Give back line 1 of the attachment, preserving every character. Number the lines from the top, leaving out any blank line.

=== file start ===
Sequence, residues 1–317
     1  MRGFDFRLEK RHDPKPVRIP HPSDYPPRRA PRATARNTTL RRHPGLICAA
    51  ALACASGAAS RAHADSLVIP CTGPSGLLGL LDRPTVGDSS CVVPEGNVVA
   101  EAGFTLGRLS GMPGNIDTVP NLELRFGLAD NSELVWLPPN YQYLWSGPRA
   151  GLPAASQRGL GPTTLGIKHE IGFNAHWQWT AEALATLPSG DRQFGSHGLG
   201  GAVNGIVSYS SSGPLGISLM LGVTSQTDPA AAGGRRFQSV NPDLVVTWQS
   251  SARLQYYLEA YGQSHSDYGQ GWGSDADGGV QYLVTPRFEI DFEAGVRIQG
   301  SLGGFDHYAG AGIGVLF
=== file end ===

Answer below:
Sequence, residues 1–317